Try and master the 30-day rule, which challenges you to wait 30 days before making a purchase. Often, you’ll find that if you wait a month to buy something, that urge will have dissipated by then and you’ll save money.
Currently have a personal loan, credit card or home loan?”
Try and make more than the minimum monthly payments. Since interest is calculated based on your daily amount, the faster you can reduce your principal, the less you have to pay.
Make sure you have health insurance
The cost of health care in the US is astronomical, and a simple ER visit can cost thousands. Without health insurance, a serious illness or injury can costs tens or hundreds of thousands. If you’re having trouble avoiding premiums, look into government assistance in your state.
Keep your finances healthy
One of the most important tips for saving money is to know where your money is going. If you don’t stay on top of your finances, small purchases can eat away at your checking account, leaving you with nothing left to save and no idea where the money went. Here’s how to keep your finances healthy:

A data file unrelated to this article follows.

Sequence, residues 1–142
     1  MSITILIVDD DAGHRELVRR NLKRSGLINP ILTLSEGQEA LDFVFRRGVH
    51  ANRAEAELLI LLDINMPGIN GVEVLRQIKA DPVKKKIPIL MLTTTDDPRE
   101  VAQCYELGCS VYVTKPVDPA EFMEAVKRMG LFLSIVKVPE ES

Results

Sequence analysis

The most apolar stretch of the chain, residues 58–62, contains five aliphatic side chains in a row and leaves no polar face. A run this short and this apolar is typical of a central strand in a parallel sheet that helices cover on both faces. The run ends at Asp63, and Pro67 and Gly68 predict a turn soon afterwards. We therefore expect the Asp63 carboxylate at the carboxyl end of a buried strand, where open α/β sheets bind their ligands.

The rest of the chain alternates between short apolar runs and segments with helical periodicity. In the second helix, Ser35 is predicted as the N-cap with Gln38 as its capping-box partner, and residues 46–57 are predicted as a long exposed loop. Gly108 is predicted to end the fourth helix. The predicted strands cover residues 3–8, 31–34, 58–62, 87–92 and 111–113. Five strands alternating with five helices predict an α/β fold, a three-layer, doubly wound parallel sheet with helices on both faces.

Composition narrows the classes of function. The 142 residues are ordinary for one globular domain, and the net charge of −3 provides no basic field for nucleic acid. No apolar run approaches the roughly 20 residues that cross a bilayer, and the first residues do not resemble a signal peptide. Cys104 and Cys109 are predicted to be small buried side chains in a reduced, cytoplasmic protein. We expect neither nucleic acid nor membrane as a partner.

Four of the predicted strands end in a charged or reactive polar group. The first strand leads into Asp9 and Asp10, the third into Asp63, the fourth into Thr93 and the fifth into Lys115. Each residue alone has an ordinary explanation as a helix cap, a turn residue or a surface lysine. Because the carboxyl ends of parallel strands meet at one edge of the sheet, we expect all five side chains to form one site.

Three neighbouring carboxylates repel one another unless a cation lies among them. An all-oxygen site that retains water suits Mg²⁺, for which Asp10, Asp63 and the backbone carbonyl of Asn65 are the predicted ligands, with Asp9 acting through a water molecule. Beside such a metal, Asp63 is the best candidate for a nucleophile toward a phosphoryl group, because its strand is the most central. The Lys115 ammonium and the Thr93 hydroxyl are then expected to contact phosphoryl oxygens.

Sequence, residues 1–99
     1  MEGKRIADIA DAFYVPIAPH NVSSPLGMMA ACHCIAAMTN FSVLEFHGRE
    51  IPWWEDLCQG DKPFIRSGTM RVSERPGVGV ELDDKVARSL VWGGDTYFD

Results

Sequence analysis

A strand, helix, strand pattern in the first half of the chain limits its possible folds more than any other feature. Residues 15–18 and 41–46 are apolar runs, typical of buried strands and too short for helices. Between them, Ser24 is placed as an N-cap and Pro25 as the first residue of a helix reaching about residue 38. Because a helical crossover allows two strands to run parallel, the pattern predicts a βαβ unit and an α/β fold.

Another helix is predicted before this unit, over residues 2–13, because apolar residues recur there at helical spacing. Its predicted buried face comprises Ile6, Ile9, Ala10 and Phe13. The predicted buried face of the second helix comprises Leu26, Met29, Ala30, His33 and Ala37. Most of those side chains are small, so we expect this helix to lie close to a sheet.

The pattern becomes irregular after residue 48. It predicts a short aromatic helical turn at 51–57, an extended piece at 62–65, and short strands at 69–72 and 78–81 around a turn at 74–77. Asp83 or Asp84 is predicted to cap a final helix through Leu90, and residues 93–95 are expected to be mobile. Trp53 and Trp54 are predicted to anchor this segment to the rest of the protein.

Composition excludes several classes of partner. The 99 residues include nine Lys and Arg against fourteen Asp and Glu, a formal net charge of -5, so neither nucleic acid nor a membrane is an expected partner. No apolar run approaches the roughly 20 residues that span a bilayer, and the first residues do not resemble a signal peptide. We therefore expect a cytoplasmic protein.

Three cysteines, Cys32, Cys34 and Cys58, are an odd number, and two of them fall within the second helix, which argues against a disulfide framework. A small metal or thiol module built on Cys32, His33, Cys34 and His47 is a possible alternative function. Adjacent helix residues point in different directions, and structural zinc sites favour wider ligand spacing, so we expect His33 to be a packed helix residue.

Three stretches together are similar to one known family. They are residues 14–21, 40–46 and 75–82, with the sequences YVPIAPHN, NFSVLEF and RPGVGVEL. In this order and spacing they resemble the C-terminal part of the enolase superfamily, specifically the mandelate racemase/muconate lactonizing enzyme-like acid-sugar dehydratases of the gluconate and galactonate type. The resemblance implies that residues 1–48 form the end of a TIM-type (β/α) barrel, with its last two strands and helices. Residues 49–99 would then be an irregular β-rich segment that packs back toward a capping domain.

- Learn how to budget effectively. Setting a budget and sticking to it is one of the best things you can do for your finances. Not only does it help you figure out how much you can set aside in your savings account each month, but it’ll help make sure you don’t end up with overdue bills that hurt your credit and turn into debt.
- Regularly check your bank accounts. Checking your bank balance regularly is a good habit to get into. Knowing how much money is in your account is useful when formulating a budget, and knowing how much should be in your account will make it easier to spot any suspicious charges or bills you might be overpaying.
- Get financial advice. Getting the right kind of financial advice can really make a difference and give you the confidence you need to meet your financial goals, whether it’s a financial planner or a robo-advisor.
Financial planners can help you:
- Set and achieve your financial goals.
- Make the most of your money.
- Get any government assistance you’re entitled to.
- Feel more in control of your finances and your life.
- Avoid expensive mistakes.
- Protect your assets.
Watch out when paying with credit
Many financial companies and banks give you the option to borrow from them. Credit cards are there to pay for goods or services and you can take out loans for bigger purchases like cars, homes and even a start-up fund for your business.